Review by Frank Plowright
The Bureau for Paranormal Research and Defense had been introduced in Hellboy, but events of Conqueror Worm led to his departure. These were ill-advised methods of control implemented by what is a government funded department, and at the start of this opening volume the Bureau are severely depleted. In fact their more unusual agents number just two, the powerful homunculus Roger and Abe Sapien, a complicated amphibious man with no idea of how his condition occurred. He’s also considering his future with the department.
Numbers are topped up slightly by the arrival of Johan, a formerly talented medium whose mental essence is now housed in a containment suit allowing him to speak. It’s believed that without this he would dissipate, but he can also communicate with the dead.
‘The Hollow Earth’ is a method of establishing the Bureau as fit for purpose standing without Hellboy. It establishes the Bureau’s early interaction with the cast members for whom it’s home, and re-introduces a previous departure, the pyrokinetic Liz Sherman. She’s been tracked while away, and when her beacon is lost the trail leads to the centre of the Earth, some odd creatures, some ancient machinery and powerful being.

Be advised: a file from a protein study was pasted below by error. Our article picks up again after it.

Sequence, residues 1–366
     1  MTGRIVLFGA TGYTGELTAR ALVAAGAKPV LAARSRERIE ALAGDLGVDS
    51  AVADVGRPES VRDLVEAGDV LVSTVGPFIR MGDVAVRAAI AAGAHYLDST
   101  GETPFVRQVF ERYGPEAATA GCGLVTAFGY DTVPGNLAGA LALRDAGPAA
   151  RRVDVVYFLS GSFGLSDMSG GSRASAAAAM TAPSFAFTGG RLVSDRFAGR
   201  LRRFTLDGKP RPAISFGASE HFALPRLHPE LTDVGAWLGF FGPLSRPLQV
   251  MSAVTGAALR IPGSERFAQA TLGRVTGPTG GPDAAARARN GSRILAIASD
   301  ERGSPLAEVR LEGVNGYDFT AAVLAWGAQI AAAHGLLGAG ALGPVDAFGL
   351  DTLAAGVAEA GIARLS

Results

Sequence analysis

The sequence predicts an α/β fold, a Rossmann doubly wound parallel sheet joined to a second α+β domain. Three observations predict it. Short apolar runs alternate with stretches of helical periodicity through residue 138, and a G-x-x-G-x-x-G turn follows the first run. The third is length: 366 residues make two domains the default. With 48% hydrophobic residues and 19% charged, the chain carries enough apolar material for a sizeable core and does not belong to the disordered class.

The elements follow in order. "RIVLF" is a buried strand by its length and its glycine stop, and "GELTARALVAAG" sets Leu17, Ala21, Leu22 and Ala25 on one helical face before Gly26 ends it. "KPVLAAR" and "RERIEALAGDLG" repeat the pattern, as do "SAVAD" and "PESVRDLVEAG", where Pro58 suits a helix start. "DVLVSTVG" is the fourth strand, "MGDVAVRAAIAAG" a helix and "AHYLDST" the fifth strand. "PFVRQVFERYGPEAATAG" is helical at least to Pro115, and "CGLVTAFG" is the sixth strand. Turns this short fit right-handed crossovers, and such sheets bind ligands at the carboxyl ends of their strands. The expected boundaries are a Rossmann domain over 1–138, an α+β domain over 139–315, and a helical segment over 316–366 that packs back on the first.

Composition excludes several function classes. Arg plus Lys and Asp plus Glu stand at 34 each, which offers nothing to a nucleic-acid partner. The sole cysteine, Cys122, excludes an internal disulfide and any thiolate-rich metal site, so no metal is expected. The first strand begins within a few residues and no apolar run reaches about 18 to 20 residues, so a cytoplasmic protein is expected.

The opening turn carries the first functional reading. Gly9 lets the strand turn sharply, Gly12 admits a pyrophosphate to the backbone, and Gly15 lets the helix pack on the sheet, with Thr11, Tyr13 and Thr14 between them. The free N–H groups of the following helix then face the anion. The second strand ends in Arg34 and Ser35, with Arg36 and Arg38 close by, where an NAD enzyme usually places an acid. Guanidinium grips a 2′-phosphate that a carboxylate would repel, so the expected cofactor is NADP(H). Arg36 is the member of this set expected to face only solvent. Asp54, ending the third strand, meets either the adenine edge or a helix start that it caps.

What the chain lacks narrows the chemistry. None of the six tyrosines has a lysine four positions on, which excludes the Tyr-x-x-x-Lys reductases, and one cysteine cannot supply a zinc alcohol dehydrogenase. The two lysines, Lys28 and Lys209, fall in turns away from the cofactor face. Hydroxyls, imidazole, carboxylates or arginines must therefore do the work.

Ryan Sook’s art is excellent, very much in the style used by Mike Mignola on Hellboy, with stark contrasts between light and shade highlighted by the sympathetic colouring of Dave Stewart. There’s a sense conveyed of something big being introduced, but the writing team of Christopher Golden and Tom Sniegoski, with collaboration from Mignola, deliver a largely tension-free plot despite the bizarre elements. At the conclusion there is a team for further use, and their next appearances are in The Soul of Venice and Other Stories.
The remainder of the book is shorter stories featuring individual cast members. Lobster Johnson is introduced in ‘The Killer in my Skull’, with Mignola filtering the larger than life pulp crimefighters of the 1930s, but also throwing in a paranormal element. It’s a simple story, elegantly drawn, with Johnson’s distinctive orange-tinted goggles a great visual effect.
Matt Smith aping Mignola’s style also illustrates ‘Abe Sapien versus Science’, as a little more background material is delivered, reflecting the title. With such a consistent look to the art throughout, Derek Thompson’s utterly different approach on ‘Drums of the Dead’ is jarring. The story has a voodoo theme, with transformations affecting shipping. Brian McDonald’s script has a disturbing core, but there are also slapdash filler scenes and the whole would be better told in fewer pages.
The title story introduces the cast, but overall this isn’t the best introduction to B.P.R.D., which would improve greatly with the addition of John Arcudi to the writing team. It should be noted that despite his name on the cover, Mignola’s only contributions are written, with the exception of his character designs in the rear of the book, which also presents pages from Sook’s sketchbook prior to starting the art.